2. Dominant names are different. In fact, only three of the top 10 stocks, based on market cap, remain the same.
Y2K: Apple, which had just introduced a basket of fruit-colored iMacs, was not even among the 10 largest Nasdaq stocks. And its market cap was around $22 billion.
Today: Apple is the most valuable company in history at more than $750 billion as iPads and iPhones are everywhere you turn.
Market Realist – The NADAQ’s dominant players have changed drastically over the past 15 years. The top ten stocks today have only three stocks in common with the NASDAQ of 2000—Cisco (CSCO), Microsoft (MSFT), and Intel (INTC). The graph above shows the top five stocks of the NASDAQ by market cap in 2000.
Apple (AAPL) makes up almost 10% of the NASDAQ, while Microsoft (MSFT) makes up 5% of the index. Amazon (AMZN) and Facebook (FB) weren’t part of the index in 2000, but they’re now among the top five largest stocks of the NASDAQ.
The top five stocks have been largely responsible for the NASDAQ re-attaining the 5,000 milestone. The dominant players are robust companies that have been yielding solid profits over the years. Their focus has shifted from dreams and promises to actual deliverables over the past 15 years. Today’s dominant players have changed the NASDAQ’s dynamics.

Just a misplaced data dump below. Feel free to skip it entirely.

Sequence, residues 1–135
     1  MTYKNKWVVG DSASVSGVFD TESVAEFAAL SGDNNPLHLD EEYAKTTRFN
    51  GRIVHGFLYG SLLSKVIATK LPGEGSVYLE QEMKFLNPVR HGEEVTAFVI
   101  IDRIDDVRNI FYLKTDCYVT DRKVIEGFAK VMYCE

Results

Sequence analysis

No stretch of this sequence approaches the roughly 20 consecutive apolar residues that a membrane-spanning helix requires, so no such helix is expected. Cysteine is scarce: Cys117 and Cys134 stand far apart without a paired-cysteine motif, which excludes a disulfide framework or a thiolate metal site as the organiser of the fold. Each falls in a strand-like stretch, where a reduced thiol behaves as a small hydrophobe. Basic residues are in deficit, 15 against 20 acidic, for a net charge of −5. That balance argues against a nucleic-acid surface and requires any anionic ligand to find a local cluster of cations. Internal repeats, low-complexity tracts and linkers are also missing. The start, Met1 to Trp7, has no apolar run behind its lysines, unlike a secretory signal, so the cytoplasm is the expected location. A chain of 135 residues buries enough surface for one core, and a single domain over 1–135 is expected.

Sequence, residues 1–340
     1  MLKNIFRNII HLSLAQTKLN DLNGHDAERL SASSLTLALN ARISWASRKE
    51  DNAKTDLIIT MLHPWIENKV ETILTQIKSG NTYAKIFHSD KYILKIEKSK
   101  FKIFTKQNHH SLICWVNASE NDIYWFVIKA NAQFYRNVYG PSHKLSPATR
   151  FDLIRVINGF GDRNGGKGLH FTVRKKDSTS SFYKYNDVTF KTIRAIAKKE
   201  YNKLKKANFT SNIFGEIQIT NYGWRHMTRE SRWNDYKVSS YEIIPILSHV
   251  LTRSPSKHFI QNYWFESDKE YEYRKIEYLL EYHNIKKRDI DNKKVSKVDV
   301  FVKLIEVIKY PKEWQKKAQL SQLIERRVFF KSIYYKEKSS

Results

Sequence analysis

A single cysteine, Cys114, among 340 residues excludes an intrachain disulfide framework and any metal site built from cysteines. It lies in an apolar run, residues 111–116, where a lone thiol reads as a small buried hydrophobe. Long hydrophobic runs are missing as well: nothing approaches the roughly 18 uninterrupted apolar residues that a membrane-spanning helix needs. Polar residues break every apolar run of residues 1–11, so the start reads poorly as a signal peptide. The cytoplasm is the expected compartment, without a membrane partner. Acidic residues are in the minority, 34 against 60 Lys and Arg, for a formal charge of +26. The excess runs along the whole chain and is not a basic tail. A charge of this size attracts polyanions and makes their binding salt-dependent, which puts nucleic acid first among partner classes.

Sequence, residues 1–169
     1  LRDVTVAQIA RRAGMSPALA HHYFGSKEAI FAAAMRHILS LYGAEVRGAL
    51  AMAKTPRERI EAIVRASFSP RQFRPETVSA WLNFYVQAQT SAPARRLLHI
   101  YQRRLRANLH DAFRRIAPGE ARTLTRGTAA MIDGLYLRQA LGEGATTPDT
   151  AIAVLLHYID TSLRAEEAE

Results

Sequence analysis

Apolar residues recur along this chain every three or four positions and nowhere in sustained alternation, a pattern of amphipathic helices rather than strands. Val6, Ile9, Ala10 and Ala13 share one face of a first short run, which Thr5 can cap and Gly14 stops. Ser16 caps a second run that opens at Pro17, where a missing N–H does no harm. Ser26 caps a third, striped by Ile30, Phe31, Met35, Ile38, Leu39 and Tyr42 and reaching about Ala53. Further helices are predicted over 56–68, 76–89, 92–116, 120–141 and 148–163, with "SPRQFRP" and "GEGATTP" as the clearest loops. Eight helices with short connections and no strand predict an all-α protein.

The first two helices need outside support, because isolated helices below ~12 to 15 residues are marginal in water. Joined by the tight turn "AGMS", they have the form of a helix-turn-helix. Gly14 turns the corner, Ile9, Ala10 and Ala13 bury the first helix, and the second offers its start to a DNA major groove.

Market Realist – Apple, in particular, deserves a special mention. The company became the first ever in history to record a market capitalization of $750 billion, making it the most valuable company in the world. The company made corporate history with its fiscal Q1 2015 earnings report. The tech (IVV) behemoth reported $74.6 billion in revenues and $18 billion in net profits, with earnings per share of $3.06—the largest corporate quarterly earnings of all time.
Apple had about 50% of overall US phone brands’ share of activations for Q4 2014. The iPhone remains one of the world’s best-selling gadgets, and it makes up almost 69% of the company’s revenues. The Apple Watch is already generating much interest and is likely to boost the company’s earnings.
Read on to the next part of this series to see how new entrants like Facebook have changed the face of the NASDAQ.